from The American Heritage® Dictionary of the English Language, 5th Edition.

  • adjective Darned; confounded.

from The Century Dictionary.

  • Devilish; excessive; confounded: as, it is a deuced shame: often used adverbially.

from the GNU version of the Collaborative International Dictionary of English.

  • adjective Low Devilish; excessive; extreme.

from Wiktionary, Creative Commons Attribution/Share-Alike License.

  • adverb degree, euphemistic, dated Damned.

from WordNet 3.0 Copyright 2006 by Princeton University. All rights reserved.

  • adjective expletives used informally as intensifiers


from The American Heritage® Dictionary of the English Language, 4th Edition

[From deuce.]

from Wiktionary, Creative Commons Attribution/Share-Alike License

See deuce.


  • "'Pon my word, now, that's what I call deuced generous."

    Out of the Primitive

  • "Oh, everybody's back speeches are what you call deuced awkward."


  • You are what the English call a deuced sharp little pickle.

    My Friend Prospero

  • Guy tried to improvise a consistent sequel to these little love-signs, but it grew ridiculous naturally enough, he gathered all these interesting little circumstances within the limits of "a plain gold ring," but these are "deuced" narrow limits for two healthy people and one small income to thrive in.

    Honor Edgeworth Ottawa's Present Tense

  • It is so "deuced" hard for a conceited sensitive fellow to bear the taunts of his more free and independent companions, when he is forced to decline their invitation to "come along."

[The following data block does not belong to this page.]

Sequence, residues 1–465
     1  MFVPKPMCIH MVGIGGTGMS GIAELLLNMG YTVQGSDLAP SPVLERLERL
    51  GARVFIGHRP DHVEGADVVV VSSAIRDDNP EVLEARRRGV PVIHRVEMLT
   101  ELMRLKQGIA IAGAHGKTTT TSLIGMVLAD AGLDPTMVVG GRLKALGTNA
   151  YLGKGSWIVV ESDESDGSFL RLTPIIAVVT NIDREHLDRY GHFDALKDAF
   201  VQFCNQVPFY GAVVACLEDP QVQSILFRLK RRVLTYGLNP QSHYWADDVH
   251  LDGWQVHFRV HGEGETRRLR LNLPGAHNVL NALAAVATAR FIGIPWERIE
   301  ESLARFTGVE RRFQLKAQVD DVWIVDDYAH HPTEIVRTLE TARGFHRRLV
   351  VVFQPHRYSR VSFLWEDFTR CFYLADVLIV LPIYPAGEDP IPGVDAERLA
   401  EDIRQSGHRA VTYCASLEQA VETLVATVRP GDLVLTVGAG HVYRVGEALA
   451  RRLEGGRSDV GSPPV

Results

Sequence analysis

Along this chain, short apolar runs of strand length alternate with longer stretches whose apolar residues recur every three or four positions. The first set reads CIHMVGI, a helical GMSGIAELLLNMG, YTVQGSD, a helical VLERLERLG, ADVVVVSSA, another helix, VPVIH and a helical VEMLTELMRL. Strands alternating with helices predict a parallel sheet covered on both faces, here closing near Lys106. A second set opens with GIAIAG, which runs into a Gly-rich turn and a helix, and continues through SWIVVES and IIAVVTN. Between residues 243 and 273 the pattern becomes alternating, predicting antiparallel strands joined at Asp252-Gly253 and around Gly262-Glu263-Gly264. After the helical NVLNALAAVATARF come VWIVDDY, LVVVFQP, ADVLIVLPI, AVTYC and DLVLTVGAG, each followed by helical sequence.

Honor Edgeworth Ottawa's Present Tense

  • "Azím": translators do not seem to know that this word in The Nights often bears its Egyptian and slang sense, somewhat equivalent to our "deuced" or "mighty" or "awfully fine."

    Arabian nights. English

  • You've been a political - an 'a deuced successful one.


  • It sounded deuced odd, but then he and his gang looked odd.


  • I waited, wondering - of course, Skene had said she'd been brought up with boys, and could handle arms with the best of them, but it seemed deuced odd - and then she was back, ordering her attendants away, tying up her hair in a silk scarf, and ordering me on guard very business-like.


  • I passed him my flask, filled that very morning by Mrs. Miggins with a rather superior imported Armagnac and remarked “Well Lestrade, it was deuced fortunate that I happened along, what?”

    The Case Of The Limehouse Golem


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  • That one about the cracked lookingglass of a servant being the symbol of Irish art is deuced good.

    Joyce, Ulysses, 1

    December 29, 2006